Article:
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Q&A with Nelson: Beyond the myth of John Henry

John Henry CoverIn the following interview, Scott Nelson, associate professor of history, discusses his discovery of the real John Henry, the subject of his forthcoming (October 2006) book Steel Drivin' Man: John Henry, the Untold Story of an American Legend.  —Ed.

W&M News: How did you “find” the real John Henry?

Nelson: John Henry is the most researched folk hero around. I came about my study in a completely different way than most researchers: I wasn’t so interested in the song. I had heard it, but the descriptions of John Henry being this black man who was, in the 1870s, a highly paid worker who was renowned throughout the South and who could earn any amount of money struck me as odd. I knew a whole lot about black railroad workers in the South, and it didn’t fit with anything I knew. It’s not that black railroad workers’ lives were terrible—they weren’t awful, but these men were not highly paid, highly respected people.

The social history sort of told me that there was something wrong with these accounts. So, I was looking at the song and thinking about how to parse it and analyze it. I had that picture of the Virginia penitentiary as my background screen on my computer because I was working on hammer songs. It’s mostly prisoners who have these hammer songs. These songs are sung to hammer blows. I was looking through the song and the last lyric: “They took John Henry to the White House, and they buried him in the sand, and every locomotive comes roarin by says there lies a steel drivin’ man.” The standard account of that, when scholars looked at it, was “well, isn’t it funny that he was brought to the White House, where there isn’t any railroad and there is no sand.” Actually, the term "White House" wasn’t used for the executive office until Teddy Roosevelt was president in 1901, so there wasn’t the White House. I’m looking at the penitentiary on my computer screen, and there is a white house, there is a railroad running by and there is sand all around. Suddenly—well, it was one of those moments … .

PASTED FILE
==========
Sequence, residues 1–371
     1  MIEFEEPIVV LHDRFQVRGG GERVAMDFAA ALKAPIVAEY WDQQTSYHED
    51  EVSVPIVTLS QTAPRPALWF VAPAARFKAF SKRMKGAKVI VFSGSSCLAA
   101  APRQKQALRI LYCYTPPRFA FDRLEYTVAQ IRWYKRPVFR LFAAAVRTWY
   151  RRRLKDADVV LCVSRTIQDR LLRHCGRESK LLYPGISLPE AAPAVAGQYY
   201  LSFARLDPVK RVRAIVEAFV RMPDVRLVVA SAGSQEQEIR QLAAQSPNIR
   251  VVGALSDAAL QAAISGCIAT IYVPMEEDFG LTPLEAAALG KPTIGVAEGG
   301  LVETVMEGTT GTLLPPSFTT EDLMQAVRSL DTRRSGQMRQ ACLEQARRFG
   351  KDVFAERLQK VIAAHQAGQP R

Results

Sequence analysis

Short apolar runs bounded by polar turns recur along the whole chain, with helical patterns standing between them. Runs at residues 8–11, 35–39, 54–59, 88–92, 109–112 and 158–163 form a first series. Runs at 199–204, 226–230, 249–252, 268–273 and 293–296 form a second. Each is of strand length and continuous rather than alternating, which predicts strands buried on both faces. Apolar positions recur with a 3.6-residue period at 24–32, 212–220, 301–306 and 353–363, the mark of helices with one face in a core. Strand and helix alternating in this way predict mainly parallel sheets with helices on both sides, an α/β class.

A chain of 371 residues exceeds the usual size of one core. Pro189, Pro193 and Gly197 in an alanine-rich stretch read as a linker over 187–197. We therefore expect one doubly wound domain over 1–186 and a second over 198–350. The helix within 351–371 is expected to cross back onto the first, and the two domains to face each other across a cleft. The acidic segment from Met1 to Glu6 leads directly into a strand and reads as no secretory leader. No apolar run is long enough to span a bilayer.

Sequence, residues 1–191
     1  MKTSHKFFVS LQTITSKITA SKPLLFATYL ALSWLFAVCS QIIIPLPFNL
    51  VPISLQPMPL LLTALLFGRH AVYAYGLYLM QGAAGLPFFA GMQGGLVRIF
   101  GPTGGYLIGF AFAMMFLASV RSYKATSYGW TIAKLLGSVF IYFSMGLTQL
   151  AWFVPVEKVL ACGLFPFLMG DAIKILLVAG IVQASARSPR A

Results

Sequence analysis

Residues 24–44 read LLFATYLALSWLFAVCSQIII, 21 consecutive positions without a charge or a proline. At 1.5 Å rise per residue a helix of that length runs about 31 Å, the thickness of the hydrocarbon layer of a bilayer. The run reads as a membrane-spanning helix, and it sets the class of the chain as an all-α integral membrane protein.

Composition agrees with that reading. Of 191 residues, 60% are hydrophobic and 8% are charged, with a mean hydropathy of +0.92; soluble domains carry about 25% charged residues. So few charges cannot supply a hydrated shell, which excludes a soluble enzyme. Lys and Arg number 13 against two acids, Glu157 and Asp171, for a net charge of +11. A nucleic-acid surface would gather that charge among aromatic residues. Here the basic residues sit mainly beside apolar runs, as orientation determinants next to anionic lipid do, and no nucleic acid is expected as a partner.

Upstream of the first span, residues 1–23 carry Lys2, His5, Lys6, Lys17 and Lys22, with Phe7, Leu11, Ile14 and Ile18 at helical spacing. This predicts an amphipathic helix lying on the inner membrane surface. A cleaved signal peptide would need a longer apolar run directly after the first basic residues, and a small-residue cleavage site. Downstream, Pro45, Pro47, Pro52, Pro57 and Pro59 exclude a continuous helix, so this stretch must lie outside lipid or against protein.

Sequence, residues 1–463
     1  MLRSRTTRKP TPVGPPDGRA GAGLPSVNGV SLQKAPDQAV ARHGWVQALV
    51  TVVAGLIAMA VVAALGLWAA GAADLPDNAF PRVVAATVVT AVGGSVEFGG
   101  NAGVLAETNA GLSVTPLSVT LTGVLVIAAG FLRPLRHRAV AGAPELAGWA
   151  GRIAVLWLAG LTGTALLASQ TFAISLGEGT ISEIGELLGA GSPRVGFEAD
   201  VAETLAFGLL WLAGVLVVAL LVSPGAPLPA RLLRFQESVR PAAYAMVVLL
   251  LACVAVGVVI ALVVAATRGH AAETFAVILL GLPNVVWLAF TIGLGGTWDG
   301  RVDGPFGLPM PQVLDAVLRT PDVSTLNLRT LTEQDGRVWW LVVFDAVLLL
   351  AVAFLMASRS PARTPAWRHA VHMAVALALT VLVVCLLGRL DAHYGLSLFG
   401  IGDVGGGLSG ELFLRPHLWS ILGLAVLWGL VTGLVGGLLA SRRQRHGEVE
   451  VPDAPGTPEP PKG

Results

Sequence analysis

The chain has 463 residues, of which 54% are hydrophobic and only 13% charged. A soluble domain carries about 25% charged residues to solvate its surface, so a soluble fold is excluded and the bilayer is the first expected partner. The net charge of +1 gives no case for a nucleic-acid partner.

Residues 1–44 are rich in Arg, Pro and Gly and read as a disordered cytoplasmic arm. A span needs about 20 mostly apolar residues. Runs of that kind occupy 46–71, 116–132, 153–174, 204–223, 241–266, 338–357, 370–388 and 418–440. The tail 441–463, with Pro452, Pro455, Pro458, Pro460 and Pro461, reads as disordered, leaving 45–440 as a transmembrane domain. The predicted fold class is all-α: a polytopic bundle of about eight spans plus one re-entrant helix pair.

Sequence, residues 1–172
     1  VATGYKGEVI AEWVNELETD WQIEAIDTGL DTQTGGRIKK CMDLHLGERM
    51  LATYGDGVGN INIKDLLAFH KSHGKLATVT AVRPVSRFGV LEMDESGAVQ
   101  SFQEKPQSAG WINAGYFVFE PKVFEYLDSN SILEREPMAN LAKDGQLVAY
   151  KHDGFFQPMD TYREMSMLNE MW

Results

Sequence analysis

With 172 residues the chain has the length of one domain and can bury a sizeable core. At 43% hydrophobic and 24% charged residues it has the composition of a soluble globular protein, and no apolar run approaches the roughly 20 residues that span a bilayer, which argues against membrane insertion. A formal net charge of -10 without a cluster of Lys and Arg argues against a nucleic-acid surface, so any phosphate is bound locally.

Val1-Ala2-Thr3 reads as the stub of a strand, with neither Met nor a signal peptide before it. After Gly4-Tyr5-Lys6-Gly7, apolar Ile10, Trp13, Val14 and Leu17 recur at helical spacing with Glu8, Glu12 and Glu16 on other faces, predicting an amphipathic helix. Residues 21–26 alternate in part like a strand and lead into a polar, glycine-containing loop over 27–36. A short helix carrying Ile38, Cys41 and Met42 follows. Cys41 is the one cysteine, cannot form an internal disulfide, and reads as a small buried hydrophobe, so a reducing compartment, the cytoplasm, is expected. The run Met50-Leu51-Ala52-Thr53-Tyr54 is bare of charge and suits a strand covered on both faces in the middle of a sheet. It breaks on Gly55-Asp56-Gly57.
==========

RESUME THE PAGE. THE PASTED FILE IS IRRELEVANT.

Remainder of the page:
W&M News: Why did other historians fail?

Nelson: When you start with the penitentiary, instead of starting with the Big Bend Tunnel, everything sort of comes together. You find someone named John Henry; you find that all these convicts had been shipped up to do construction for the railroad; you find steam drills side by side with these convicts and you find that the tunnel they worked on primarily was the Lewis Tunnel. It was because I started searching the names of the contractors—of the C&O officials who were working on the line—that I found all of those things that everyone said were missing. People had said that you can never know what happened on the C&O railroad because all of the engineering records were destroyed in a fire. I found that the papers of the contractors were available at the Western Reserve Historical Society in Cleveland, Ohio. They describe construction of the C&O railroad tunnels. Taken together, they are the smoking gun.

W&M News: You talk in terms of “murder” and “smoking guns.” Why?

Nelson: It’s a grim story. You think it is a grim story to begin with—you have a man challenging a steam drill to a race and then dying. The real story is uglier. The C&O railroad wants to get these tunnels dug; it has to get these tunnels dug by 1872 if it is to be granted the rights to the whole run from Richmond to the Ohio River. So, they buy up all of these convicts; they buy up the steam drills.

John Henry doesn’t really challenge the steam drills. He, and everybody else, is forced to work on these tunnels, and the terrible tragedy here is that nearly everyone who was forced to work on these tunnels died in the space of five or six years, not from exertion but from acute silicosis—they actually inhaled all of this crystalline dust from the rock. The Appalachian Mountains are, of course, the oldest mountains in the world, and this crystalline rock comes right up to the surface. That stuff, when hit by steam drills, produces this powdery stuff—it’s like drilling into concrete. Everyone who drills into concrete knows you have to wet down the drill. They didn’t during the tunneling, so the workers sucked this stuff down into their lungs. It killed everybody.